Milton Jones On The High Road

Milton Jones enters, characteristically via scooter, clad in a blue print shirt, orange trousers, orange shoes, and hair which defies gravity. He is heckled by a man from Gibraltar and almost as soon as his nationality is revealed Jones informs him that he ‘rocks’. This man is quick-witted, far from egotistical and a comic who will never be caught laughing at his own jokes. Jones’ stage presence is controlled and his mastery of silly accents and funny faces is commendable.

Unable to give away his secret, I can but say something about his style. Jones will begin by saying, in a very matter-of-fact tone, something which at first will strike you as the oddest thing you’ve ever heard. He will then either stare into the audience as if bemused by their presence, or he will shift his gaze from side to side shiftily. After he has timed this manoeuvre to perfection, he will provide the punchline – the totally unexpected, weird, witty-as-hell punchline that crowns him a linguistic lord.

What Jones does with the English language is akin to a child’s treatment of coloured tissue paper. He rips it up and makes confetti out of it for our amusement. Common phrases like ‘my other half’ or ‘the butterflies in my stomach’ have been scrutinised by this inventive mind and - with expert timing - the fruits of this scrutiny are presented to us. Puns, rhymes and sounds of the language are all at Jones’ disposal. A similar treatment is given to images when Jones drags out a projector for the purpose of showing us seemingly nonsensical cartoons, and then explaining their bizarre origins to us. This stuff is clever. Do not be alarmed if you find yourself laughing, belatedly, at a joke Jones told three minutes before. As Jones says, ‘Some of you will only get that one on the way back’, but if this is the case you’ll find yourself chuckling the whole way home.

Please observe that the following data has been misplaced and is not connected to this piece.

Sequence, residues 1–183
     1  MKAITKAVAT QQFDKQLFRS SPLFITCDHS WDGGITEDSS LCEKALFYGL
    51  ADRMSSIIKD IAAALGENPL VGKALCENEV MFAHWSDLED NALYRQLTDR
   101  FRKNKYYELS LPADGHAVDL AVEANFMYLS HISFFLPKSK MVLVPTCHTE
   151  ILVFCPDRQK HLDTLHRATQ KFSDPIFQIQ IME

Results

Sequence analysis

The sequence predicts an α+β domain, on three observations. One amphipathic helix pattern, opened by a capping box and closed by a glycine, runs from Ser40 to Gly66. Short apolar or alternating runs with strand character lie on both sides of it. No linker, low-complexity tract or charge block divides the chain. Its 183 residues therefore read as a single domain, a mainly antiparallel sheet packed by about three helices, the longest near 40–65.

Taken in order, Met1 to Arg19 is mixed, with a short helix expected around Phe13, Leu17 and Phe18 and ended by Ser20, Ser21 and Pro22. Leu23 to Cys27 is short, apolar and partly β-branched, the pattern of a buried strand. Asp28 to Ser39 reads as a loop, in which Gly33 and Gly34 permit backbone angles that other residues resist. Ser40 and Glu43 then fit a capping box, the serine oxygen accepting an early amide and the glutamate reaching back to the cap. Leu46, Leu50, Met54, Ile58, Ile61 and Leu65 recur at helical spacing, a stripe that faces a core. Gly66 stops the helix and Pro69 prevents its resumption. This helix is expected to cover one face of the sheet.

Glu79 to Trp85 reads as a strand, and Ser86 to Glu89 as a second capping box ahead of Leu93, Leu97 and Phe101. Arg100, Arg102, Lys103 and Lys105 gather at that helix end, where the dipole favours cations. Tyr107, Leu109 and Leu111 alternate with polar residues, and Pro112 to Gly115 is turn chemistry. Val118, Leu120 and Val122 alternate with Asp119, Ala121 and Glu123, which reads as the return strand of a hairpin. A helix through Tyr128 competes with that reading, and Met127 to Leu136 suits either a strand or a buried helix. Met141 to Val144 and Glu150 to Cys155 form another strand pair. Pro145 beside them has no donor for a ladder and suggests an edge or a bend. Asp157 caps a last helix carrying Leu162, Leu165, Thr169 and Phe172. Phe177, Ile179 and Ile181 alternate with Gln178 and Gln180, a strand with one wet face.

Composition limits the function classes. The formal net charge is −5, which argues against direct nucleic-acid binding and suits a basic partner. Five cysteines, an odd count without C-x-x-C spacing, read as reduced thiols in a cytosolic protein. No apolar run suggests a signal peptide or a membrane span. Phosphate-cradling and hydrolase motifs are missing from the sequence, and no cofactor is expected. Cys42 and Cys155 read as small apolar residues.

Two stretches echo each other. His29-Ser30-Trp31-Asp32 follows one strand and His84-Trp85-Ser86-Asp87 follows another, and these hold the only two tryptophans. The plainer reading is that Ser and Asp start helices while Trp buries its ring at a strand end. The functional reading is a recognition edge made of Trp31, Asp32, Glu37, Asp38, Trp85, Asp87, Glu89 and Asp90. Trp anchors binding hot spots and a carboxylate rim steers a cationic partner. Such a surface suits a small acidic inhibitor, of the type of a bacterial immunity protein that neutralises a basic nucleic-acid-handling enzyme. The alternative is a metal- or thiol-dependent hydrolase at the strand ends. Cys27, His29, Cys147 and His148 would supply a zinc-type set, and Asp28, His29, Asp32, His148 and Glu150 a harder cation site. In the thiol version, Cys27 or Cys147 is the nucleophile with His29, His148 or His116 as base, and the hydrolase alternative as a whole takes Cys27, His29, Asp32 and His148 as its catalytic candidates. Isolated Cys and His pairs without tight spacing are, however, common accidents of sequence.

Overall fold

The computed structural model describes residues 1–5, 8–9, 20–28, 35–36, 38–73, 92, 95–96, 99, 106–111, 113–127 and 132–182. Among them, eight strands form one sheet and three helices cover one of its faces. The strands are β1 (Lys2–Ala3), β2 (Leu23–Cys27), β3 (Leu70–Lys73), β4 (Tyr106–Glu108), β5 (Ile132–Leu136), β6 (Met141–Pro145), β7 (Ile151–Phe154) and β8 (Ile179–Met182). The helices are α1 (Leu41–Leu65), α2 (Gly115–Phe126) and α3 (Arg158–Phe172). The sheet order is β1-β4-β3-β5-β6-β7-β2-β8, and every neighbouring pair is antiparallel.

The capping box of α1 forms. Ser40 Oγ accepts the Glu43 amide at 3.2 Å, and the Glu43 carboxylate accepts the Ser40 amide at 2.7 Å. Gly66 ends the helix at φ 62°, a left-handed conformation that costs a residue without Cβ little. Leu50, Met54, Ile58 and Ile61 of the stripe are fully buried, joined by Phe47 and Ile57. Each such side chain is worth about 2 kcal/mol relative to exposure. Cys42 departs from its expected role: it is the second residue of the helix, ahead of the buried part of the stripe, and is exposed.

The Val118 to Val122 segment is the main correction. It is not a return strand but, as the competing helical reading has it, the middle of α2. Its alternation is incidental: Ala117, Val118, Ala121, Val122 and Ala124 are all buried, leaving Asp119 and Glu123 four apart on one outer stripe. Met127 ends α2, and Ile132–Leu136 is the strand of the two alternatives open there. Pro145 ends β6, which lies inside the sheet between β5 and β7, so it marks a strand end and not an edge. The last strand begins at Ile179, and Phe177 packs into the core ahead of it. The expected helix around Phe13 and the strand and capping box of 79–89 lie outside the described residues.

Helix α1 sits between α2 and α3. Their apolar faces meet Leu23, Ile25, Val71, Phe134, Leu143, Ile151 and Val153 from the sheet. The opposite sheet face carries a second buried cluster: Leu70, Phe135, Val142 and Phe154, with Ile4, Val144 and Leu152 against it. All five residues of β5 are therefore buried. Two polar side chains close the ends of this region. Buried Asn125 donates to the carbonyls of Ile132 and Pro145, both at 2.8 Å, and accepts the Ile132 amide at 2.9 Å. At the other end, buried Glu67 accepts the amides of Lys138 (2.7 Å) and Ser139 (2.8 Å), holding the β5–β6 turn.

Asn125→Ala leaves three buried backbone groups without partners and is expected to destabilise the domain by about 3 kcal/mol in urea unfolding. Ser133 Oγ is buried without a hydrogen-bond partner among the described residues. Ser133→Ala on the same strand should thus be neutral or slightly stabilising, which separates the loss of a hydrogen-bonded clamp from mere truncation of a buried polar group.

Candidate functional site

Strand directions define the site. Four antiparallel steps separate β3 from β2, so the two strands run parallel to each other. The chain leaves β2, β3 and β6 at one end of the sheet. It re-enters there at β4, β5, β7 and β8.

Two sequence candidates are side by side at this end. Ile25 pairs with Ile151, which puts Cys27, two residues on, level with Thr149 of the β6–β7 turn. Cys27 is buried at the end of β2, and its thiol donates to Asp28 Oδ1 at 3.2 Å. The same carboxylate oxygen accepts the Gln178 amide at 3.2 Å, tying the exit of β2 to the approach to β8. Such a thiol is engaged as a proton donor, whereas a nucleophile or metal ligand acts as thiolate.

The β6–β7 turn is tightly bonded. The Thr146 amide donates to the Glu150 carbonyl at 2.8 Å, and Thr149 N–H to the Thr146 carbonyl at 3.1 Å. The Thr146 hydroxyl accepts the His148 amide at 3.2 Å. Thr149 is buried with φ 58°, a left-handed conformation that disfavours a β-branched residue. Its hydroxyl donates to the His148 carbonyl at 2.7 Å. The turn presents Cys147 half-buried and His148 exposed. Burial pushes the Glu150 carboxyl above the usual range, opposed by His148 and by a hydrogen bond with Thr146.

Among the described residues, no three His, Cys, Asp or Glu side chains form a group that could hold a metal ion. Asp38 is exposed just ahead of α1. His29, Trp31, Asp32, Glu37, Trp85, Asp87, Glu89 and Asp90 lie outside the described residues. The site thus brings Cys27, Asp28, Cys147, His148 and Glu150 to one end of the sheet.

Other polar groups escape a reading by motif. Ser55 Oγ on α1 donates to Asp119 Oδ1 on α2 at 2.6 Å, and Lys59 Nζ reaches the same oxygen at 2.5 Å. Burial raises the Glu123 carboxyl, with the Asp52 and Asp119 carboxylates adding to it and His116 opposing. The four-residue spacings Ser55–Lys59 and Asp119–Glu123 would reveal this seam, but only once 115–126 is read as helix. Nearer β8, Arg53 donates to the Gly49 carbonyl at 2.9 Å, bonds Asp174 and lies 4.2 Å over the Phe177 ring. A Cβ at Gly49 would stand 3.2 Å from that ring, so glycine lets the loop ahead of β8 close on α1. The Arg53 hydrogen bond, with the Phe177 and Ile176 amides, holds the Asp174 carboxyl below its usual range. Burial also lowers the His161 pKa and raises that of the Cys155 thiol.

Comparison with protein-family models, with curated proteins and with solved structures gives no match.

Milton Jones is an all-round crowd-pleaser. This is totally family friendly, uncontroversial stuff, with a few sneaky, darkly comic jokes that are all the more fun and memorable because they are so rare. This is one-liner comedy at its best and if given the choice between Milton’s way or the highway for an evening out, be sure to take the correct turning.

Since you’re here…

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Mama Biashara
Kate Copstick’s charity, Mama Biashara, works with the poorest and most marginalised people in Kenya. They give grants to set up small, sustainable businesses that bring financial independence and security. That five quid you spend on a large glass of House White? They can save someone’s life with that. And the money for a pair of Air Jordans? Will take four women and their fifteen children away from a man who is raping them and into a new life with a moneymaking business for Mum and happiness for the kids.
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Performances

The Blurb

Mock the Week, Live at the Apollo and nine radio series. One-liners, pictures, stupid, stupid, stupid. ‘He’s fast absurd, and very funny’ (Radio Times). 'No-one can touch Jones when he hits his stride' (Guardian).

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